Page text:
Wednesday, September 28, 2016

Nevermore: Whipping Boy, Olive Kitteridge, Don't You Cry, and More!

Reported by Jeanne

Nevermore opened with Whipping Boy:  The Forty Year Search for My Twelve-Year-Old Bully by Allen Kurzweil which was described as “truth being stranger than fiction.”  At the age of ten, novelist Kurzweil  was sent away to a Swiss boarding school where he was terrorized by an older boy, leaving him with a life-long fixation about his tormentor.  As an adult, Kurzweil becomes determined to find the bully and to discover what became of him. As it turns out, the youthful tendencies did forecast adult behavior, as he finally encounters his bete noire who is, as it turns out, incarcerated. Our reader said it was about a sociopath who never took responsibility for anything.  It was a long book, but she persevered and finished it. 

The next two books were both by Dr. William Wright, about his experiences as a doctor for those incarcerated.  The first title was Maximum Insecurity:  A Doctor in the Supermax, in which the good doctor is burned out at his current job and accepts one at a prison instead.  By the second book, he has moved to what he thought might be a lower-key position as Jailhouse Doc: A Doctor in the County Jail. Our reader described both books as “eye-opening” and both funny and frightening. Prison culture is definitely different, an almost surreal environment.  Both books were recommended.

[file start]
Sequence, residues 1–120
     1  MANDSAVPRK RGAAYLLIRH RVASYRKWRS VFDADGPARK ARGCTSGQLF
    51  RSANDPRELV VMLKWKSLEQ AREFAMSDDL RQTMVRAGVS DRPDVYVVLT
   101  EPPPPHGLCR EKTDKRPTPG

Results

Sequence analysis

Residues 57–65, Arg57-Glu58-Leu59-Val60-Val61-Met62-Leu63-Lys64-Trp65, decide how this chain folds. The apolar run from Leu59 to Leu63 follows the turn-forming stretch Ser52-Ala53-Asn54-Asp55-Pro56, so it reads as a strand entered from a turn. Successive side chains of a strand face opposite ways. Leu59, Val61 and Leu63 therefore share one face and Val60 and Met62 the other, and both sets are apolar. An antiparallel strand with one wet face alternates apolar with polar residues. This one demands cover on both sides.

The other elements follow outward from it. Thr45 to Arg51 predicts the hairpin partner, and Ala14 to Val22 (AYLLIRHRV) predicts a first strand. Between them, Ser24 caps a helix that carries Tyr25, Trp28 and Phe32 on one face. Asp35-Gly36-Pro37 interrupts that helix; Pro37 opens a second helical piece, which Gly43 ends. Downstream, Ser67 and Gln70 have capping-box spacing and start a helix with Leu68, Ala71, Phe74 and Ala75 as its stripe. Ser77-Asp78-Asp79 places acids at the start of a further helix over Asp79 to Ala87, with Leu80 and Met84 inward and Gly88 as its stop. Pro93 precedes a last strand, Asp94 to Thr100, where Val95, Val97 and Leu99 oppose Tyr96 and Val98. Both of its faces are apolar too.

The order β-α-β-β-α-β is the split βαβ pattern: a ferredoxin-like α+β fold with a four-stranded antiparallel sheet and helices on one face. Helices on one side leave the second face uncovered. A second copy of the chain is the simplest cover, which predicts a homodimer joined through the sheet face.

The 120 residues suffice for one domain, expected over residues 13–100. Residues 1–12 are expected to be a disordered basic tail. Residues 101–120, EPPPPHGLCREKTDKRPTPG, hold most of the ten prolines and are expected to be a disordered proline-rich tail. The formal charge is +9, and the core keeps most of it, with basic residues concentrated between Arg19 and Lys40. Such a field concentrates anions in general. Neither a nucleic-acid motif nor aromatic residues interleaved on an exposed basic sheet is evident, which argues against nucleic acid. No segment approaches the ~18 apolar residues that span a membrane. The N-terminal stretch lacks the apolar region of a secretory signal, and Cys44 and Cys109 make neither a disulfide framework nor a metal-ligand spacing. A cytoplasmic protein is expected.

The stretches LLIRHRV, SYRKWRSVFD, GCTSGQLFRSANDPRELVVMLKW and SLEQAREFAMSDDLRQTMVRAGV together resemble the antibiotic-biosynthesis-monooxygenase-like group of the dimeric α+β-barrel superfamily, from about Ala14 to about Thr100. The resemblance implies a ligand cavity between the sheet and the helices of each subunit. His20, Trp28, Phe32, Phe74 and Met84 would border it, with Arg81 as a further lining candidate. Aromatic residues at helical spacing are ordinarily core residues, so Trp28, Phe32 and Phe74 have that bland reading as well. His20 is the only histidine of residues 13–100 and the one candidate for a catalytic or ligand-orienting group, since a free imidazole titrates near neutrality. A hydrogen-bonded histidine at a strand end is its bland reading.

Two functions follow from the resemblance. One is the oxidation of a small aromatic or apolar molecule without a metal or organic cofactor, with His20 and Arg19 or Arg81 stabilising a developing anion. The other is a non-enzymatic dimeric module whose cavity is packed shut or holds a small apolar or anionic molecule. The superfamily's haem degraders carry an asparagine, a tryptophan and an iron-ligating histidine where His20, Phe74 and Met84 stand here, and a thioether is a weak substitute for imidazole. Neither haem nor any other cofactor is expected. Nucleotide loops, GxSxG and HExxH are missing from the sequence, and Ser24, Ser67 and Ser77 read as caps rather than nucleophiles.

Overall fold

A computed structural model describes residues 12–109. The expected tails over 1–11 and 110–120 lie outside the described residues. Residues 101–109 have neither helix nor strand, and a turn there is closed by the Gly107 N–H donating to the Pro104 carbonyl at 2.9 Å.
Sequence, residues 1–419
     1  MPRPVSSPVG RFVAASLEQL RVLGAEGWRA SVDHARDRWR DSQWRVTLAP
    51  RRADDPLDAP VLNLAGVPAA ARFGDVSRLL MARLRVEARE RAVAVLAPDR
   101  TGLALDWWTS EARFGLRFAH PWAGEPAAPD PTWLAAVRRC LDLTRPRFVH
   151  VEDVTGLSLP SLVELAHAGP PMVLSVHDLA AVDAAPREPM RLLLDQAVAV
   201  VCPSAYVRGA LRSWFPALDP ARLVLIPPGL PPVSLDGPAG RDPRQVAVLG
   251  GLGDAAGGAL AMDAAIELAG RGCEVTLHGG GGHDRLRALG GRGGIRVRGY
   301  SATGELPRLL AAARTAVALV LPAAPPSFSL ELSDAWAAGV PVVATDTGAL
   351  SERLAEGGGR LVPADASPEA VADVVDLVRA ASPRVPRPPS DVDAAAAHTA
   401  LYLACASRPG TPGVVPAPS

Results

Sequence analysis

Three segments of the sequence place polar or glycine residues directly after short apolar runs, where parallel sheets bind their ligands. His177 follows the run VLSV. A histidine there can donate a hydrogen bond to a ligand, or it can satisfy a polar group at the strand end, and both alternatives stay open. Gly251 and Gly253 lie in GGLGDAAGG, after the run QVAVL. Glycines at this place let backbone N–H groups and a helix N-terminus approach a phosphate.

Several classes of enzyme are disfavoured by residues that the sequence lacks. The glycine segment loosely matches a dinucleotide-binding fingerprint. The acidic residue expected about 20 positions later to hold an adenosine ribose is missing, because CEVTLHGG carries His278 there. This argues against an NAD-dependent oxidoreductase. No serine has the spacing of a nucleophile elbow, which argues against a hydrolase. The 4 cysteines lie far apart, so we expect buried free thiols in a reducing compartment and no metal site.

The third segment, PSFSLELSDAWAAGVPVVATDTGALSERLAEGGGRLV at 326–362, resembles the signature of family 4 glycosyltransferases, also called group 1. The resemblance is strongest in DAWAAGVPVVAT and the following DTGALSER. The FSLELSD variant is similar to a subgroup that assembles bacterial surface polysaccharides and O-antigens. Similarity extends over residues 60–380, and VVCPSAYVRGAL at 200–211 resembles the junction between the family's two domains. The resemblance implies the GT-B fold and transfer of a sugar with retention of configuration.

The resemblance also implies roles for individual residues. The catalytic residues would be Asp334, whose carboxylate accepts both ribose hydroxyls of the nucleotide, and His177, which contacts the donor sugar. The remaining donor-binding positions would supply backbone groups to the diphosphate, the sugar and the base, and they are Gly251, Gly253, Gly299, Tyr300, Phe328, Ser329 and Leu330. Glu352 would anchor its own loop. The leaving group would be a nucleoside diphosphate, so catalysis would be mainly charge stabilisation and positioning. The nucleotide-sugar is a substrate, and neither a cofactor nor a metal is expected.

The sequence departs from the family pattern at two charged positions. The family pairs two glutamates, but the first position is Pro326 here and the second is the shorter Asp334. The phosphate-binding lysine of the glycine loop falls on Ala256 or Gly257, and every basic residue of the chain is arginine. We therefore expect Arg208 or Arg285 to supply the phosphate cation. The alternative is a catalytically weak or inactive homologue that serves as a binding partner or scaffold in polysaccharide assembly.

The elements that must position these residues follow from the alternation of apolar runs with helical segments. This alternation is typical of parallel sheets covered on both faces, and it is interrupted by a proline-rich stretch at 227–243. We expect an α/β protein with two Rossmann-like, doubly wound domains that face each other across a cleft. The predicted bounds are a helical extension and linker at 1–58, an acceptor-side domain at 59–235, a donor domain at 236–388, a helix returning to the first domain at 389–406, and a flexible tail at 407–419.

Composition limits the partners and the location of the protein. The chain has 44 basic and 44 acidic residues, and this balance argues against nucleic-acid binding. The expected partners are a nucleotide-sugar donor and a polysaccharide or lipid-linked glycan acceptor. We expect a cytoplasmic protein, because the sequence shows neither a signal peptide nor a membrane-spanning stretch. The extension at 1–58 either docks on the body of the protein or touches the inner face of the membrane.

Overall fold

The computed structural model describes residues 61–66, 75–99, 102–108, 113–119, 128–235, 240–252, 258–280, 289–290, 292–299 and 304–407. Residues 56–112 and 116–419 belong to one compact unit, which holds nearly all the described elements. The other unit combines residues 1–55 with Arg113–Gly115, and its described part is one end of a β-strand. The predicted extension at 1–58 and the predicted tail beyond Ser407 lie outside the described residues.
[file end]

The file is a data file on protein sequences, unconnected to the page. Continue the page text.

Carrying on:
Olive Kitteridge by Elizabeth Strout was described as a fascinating collection of stories with common characters in each.  Olive, the central character, is teacher in the small town of Crosby, Maine, and while she could be described as “difficult,” she is also made human by the author’s insightful writing.  Our reader enjoyed the book greatly, and found herself surprised by the ending.

The next selection was a mystery thriller by Mary Kubica, a young author who burst onto the scene with the best-selling book The Good Girl. Her new title is Don’t You Cry, a riveting psychological thriller in which a young woman named Quinn discovers her roommate has gone missing, but has left behind a troubling letter and many unanswered questions.  Meanwhile, eighteen year old coffee shop employee Alex finds himself intrigued by mysterious new girl in town.  The story is told alternately from the points of view of both Alex and Quinn.  Our reader enjoyed the book as she had the two previous books by this author.  All are standalone novels.

Huck Scarry’s Aboard a Steam Locomotive:  A Sketchbook entranced another Nevermore member.  Scarry is actually Richard Scarry, Jr., son of the well-known children’s book author, and has continued some of his father’s work as well as branching out into his own interests.  This book contained beautifully detailed drawings of steam trains with information on the inner workings of such locomotives.  Our reader recommended it highly.

As We Are Now by May Sarton is the story of Caroline Spencer, an elderly woman who has been sent to a nursing home by her relatives.  There she is subjected to ill-treatment, humiliation, and cruelties to the point where she is nearly broken.  Our reader felt it was a very powerful book about an important topic.  She found herself extremely moved.

Mountains of the Heart by Scott Weidensaul is celebrating its 20th anniversary with a new edition.  It is considered a classic work about the natural history of the Appalachian Mountain range from Alabama to Newfoundland.  Weidensaul discusses the flora, fauna, and geology in a style both entertaining and informative.  Our reviewer pointed out that very little of the book is given to discussion of the peoples of Appalachia, other than to explain human related changes to the environment.  Another reader pointed out favorite sections, such as the discussion of the near demise of the American chestnut tree. 

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